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Amongst Sunnis, there are the Deobandis. Deobandis are a South Asian Muslim tradition with origins in colonial India, who stress the preservation of the Islamic tradition through scholarly study and fidelity to religious law. They are arguably the most important actors within British Islam, especially today. They manage about 40 percent of the 1700 mosques in the UK. They invested into and opened the first British-based Dar ul-Ulooms, Muslim religious seminaries, educating Imams and religious scholars right here in the British Isles as far back as the seventies. You are likely to have encountered Deobandis if you have visited a Muslim religious institution in the UK, particularly those with a South Asian heritage. With both vision and hard work, the Deobandis have been quietly meeting the religious and spiritual needs of a significant proportion of British Muslims, and are perhaps the most influential British Muslim group.

The Tablighi Jamaat are often associated with the Deobandi tradition – its founder, Maulana Muhammad Ilyas Kandhlawi (died 1944), was a graduate of a Deobandi Dar ul-Uloom. But Kandhlawi felt the values and virtues of the Dar ul-Uloom needed to be brought out of the seminaries and into the lives of ordinary Muslims, and so the Tablighi Jamaat took the scholarship of the Deobandis to the masses. The Tablighi Jamaat stress personal religious piety achieved through a temporary monasticism, going on khurooj, short trips ranging from three days to four months, in which members of the group visit mosques locally and sometimes even globally. The aim is to live a simpler life away from distracting luxuries, and to engage in worship and study, as well as preaching to other Muslims on the importance of Islam and its moral teachings. Barbara Metcalf, who has researched the Tablighi Jamaat, writes that it is the recreation of a sacred time that is important to the movement – the pristine and undiluted simplicity of the Prophet Muhammad’s life, through which the followers of the movement could achieve peace and salvation. The Tablighi Jamaat has been described as, with good reason, the largest Islamic movement in the world. The Tabilighi Jamaat population of Britain is nestled within the Deobandi, but its success has attracted members from outside the Deobandi tradition also – particularly Salafi (more on that later).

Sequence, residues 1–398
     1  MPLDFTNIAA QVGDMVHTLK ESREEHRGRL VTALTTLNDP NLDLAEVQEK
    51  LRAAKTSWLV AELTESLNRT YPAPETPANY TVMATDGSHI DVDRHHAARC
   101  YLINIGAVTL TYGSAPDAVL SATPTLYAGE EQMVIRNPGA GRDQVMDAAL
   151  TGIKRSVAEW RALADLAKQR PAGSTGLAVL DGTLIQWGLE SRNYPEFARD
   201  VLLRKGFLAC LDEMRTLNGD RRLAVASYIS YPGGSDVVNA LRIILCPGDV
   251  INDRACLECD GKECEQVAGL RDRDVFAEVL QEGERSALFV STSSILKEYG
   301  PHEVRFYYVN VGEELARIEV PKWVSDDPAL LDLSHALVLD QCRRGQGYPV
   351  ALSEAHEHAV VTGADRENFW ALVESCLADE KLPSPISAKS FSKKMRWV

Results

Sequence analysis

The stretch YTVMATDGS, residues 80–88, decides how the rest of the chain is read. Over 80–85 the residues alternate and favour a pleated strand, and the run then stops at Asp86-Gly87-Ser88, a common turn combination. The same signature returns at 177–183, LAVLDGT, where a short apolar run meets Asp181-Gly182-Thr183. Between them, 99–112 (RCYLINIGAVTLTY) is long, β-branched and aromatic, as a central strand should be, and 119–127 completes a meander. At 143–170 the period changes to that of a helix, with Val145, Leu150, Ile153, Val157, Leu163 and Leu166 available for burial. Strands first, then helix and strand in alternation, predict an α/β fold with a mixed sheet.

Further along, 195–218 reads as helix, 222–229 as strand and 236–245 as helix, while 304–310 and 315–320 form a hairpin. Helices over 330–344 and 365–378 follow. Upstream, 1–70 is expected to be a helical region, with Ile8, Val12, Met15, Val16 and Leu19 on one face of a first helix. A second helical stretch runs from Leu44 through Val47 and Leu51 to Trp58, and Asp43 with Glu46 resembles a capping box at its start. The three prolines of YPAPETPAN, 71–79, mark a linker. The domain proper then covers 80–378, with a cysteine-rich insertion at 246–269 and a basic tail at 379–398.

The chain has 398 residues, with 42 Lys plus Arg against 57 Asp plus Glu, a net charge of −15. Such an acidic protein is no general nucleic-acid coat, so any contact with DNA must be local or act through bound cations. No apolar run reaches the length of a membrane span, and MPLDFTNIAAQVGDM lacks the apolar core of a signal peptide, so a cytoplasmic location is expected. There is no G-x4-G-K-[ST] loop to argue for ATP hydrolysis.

Also originating from South Asia are the Barelwis. On the surface, they are remarkably similar to Deobandis. Both follow the same school of Islamic jurisprudence (Hanafi – more on that later too!), both celebrate many of the same figures, both trace their origins to the Indian subcontinent, and both lay claim to Sufism. The Barelwi however maintain passionate attachment to esoteric and mystical practices which the Deobandis consider as beyond the pale of religious orthodoxy. Their close proximity to each other –in terms of theology and geographic origins – often leads to a tension between the two movements. For the Deobandis, the alim (the scholar), is the fount of all religious wisdom. For the Barelwi, it is the pir, a living saint. The Bangladeshi Fultoli tradition is in many ways similar to Barelwi, differing only in language and the particularities of tradition. Pakistanis and Bangladeshis make up the bulk of the British Muslim population, so together, the mystical Sufi Islam of Barelwis and Fultolis constitute a sizable part of the landscape.

More distinct from Deobandis, Barelwis and Fultoli Muslims are the Jamaat Islamiyyah, an Islamic reform movement, once again with links to colonial India, that consider the personal religious and spiritual devotions of Deobandis and Barelwis lacking. Jamaat Islamiyyah is an anti-colonial movement, and thus has a focus on political activism. The Quran is a social gospel in their view, one which should bring Muslims out of the mosques and into public life. To revive Islam, in the Jamaat Islamiyyah view, is to engage to reform and improve social welfare and government. In this regard, they share much with the Middle-Eastern Ikhwaan al-Muslimoon (or Muslim Brotherhood). The founder of the Jamaat Islamiyyah, Maulana Mawdudi (died 1979), introduced a distinctive idea that amalgamated the thoughts of many others prior. He had witnessed the success of the nation state, and reasoned that the only way to truly achieve success against colonial imperialism was the establishment of an Islamic nation state. Mawdudi was thus an important voice in the shaping of both Pakistan and Bangladesh, and though he initially opposed the partition of India, he soon became embroiled in political life. Jamaat Islamiyyah has grown beyond Mawdudi however, taking the vision of a social gospel worldwide, especially in Britain where members of the group have set up charities, mosques and Islamic welfare organisations.

Amongst Shias, the predominant group is the Ithna Asharis, the Twelvers – called such for their recognition of twelve Imams who are the divinely-decreed successors after the death of the Prophet Muhammad . There are also the minority Ismailis, and the even rarer Zaydis. Though all have a presence in Britain, the Ithna Ashari, hailing from both Pakistan and Iran, are the most populous both in the United Kingdom and globally.